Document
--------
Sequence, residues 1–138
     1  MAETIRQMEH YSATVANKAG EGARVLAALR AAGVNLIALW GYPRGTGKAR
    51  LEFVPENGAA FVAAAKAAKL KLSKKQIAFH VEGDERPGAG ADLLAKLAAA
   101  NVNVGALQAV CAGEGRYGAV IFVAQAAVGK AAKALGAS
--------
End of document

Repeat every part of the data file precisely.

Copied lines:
Sequence, residues 1–138
     1  MAETIRQMEH YSATVANKAG EGARVLAALR AAGVNLIALW GYPRGTGKAR
    51  LEFVPENGAA FVAAAKAAKL KLSKKQIAFH VEGDERPGAG ADLLAKLAAA
   101  NVNVGALQAV CAGEGRYGAV IFVAQAAVGK AAKALGAS